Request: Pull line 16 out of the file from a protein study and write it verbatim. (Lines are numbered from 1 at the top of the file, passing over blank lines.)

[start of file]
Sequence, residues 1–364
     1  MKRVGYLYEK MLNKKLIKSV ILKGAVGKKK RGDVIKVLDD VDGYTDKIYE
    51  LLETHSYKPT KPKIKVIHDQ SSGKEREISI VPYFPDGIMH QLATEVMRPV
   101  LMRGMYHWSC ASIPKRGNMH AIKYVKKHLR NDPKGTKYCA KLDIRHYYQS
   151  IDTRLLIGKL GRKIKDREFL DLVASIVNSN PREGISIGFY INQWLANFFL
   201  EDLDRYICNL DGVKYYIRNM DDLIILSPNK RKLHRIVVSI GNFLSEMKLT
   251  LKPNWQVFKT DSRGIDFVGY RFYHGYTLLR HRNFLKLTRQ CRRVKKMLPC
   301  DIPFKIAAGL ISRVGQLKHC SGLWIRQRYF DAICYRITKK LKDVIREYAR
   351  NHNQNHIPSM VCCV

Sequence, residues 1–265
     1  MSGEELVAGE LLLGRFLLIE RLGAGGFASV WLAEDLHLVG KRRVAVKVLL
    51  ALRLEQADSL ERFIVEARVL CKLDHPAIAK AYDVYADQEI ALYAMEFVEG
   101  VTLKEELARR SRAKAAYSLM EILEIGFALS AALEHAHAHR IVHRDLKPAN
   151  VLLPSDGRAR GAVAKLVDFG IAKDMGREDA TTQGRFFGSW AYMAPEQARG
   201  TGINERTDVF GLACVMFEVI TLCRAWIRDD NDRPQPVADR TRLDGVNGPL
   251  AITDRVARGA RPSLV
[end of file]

   251  AITDRVARGA RPSLV